Bicinchoninic Acid Assay (BCA)

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Introduction

The Bicinchoninic Acid Assay (BCA), also referred to as the Smiths' Assay, is a biochemical assay designed by Paul Smith in 1985. (Smith, et al., [7])  This assay uses colorimetric detection and quantification to determine the total concentration of protein in a solution by exhibiting a measurable color change.

Samples of unknown protein and known relative standard are treated with reagents and the absorbance is recorded from a spectrophotometer at 562 nm. Using a known standard and comparing the unknown to it allows one to determine the concentration based on the curve.

Applications of this assay include studying protein-protein interactions, estimating percent recovery of membrane proteins from cell extracts, high-throughput screening of fusion proteins, measuring column fractions after affinity chromatography and measuring protein covalently bound to agarose supports and protein adsorbed to multiwell plates.

Chemical reaction

The first step in the reaction is the chelation of copper with protein in the alkaline environment  created (sodium potassium tartrate) which results in a light blue complex. This reaction, known as the biuret reaction, allows for peptides containing three or more amino acid residues to form a colored chelate complex with the copper ions.

The reaction of BCA with cuprous ion.  Two molecules of BCA bind to each molecule of copper that have been reduced by a peptide-mediated biuret reaction. ( Thermo Fischer, [5] )

The reaction of BCA with cuprous ion. Two molecules of BCA bind to each molecule of copper that have been reduced by a peptide-mediated biuret reaction. (Thermo Fischer, [5])

In the second step of the reaction, two molecules of Bicinchonininc acid react with the reduced cation formed in step one resulting in the purple color change. This reagent is approximately 100 times more sensitive than the biuret reaction alone. 

The complex created is water-soluble and exhibits a strong linear absorbance at 562 nm. The amount of protein present at this time can be quantified and compared to protein solutions with known concentrations. The key to obtaining accurate results with this assay is to make sure that assay and standards receive identical incubation and temperature conditions. 

Materials

Equipment

  • Disposable 1 mL Plastic Cuvettes
  • Microcentrifuge Tubes
  • Calibrated Pipette
  • Pipette Tips
  • Calibrated Spectrophotometer
  • Timer
  • Water Bath

Reagents

Note: pre-prepared commercialized stocks of reagent A and B can be purchased.

Standard Assay

  • Reagent A
    • Sodium bicinchoninate
    • Sodium carbonate monohydrate
    • Sodium tartrate dihydrate
    • Sodium hydroxide
    • Sodium bicarbonate
    • Distilled water
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  • Reagent B
    • Copper (II) sulfate pentahydrate
    • Distilled water
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  • Standard Working Reagent:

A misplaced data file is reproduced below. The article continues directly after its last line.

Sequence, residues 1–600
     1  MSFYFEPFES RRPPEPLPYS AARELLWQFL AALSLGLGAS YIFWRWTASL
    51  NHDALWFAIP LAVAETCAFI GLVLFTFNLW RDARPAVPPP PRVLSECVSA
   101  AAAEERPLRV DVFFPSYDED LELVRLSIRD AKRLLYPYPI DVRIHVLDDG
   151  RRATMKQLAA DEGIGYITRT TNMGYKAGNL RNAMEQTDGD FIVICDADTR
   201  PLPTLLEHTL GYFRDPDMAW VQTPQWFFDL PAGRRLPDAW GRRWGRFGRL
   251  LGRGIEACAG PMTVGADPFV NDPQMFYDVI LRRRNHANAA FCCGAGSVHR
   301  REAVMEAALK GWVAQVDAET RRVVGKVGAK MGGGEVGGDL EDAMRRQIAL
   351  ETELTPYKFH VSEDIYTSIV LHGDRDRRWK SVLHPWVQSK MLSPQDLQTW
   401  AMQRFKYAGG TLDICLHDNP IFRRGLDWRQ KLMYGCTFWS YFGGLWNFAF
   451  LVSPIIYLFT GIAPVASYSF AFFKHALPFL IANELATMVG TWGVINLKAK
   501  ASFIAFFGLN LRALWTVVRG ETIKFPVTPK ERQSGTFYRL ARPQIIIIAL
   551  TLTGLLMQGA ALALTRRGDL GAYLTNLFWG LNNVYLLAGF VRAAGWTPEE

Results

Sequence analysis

• Reagent A
    • Reagent B
Screen Shot 2018-06-22 at 12.49.57 PM.png

MICROAssay

  • Reagent A:
    • Sodium carbonate monohydrate
    • Sodium hydroxide
    • Sodium tartrate dihydrate
    • Distilled water
Screen Shot 2018-06-22 at 12.12.23 PM.png
  • Reagent B:
    • Sodium bicinchoninate
    • Distilled water
Screen Shot 2018-06-22 at 12.51.17 PM.png
  • Reagent C:
    • Copper (II) sulfate pentahydrate
    • Distilled Water
Screen Shot 2018-06-22 at 12.52.17 PM.png
  • Standard Working Reagent:
    • Reagent A
    • Reagent B
    • Reagent C
Screen Shot 2018-06-22 at 12.11.52 PM.png

References  

  1. “Bicinchoninic Acid(BCA) Protein Assay.” Geno Technology, G Biosciences, 8 Mar. 2016,  https://www.gbiosciences.com/image/pdfs/protocol/786-570_protocol.pdf.
  2. "Bicinchoninic Acid Protein Assay Kit: Technical Bullet". Sigma Aldrich,  https://www.sigmaaldrich.com/content/dam/sigma-aldrich/docs/Sigma/Bulletin/bca1bul.pdf.
  3. “Bio-Protocol - Improve Research Reproducibility.” Bradford Protein Assay -BIO-PROTOCOL, bio-protocol.org/bio101/e44.
  4. Boyer, Rodney. Biochemistry Laboratory: Modern Theory and Techniques. 2nd ed., Pearson, 2012.
  5. “Chemistry of Protein Assays | Thermo Fisher Scientific - US.” Thermo Fisher Scientific, Thermo Fisher Scientific, www.thermofisher.com/us/en/home/life-science/protein-biology/protein-biology-learning-center/protein-biology-resource-library/pierce-protein-methods/chemistry-protein-assays.html.
  6. “Pierce BCA Protein Assay Kit.” Thermo Fisher Scientific, Thermo Fisher Scientific, www.thermofisher.com/order/catalog/product/23225?gclid=Cj0KCQjwvLLZBRDrARIsADU6ojCD_LJOswocze-yyY40iNXY1XE_M7gsrbc2W-DvEShra1dHq3zhQ7caAj4qEALw_wcB&s_kwcid=AL%213652%213%21265618211699%21b%21%21g%21%21&ef_id=Wy0z7wAAABlGx4rG%3A20180622173956%3As.
  7. P.K. Smith, R.I. Krohn, G.T. Hermanson, A.K. Mallia, F.H. Gartner, M.D. Provenzano, E.K. Fujimoto, N.M. Goeke, B.J. Olson, D.C. Klenk, Measurement of protein using bicinchoninic acid, Anal. Biochem. 150 (1985) 76–85. 
  8. Walker J.M. (2002) The Bicinchoninic Acid (BCA) Assay for Protein Quantitation. In: Walker J.M. (eds) The Protein Protocols Handbook. Humana Press. https://doi.org/10.1385/1-59259-169-8:11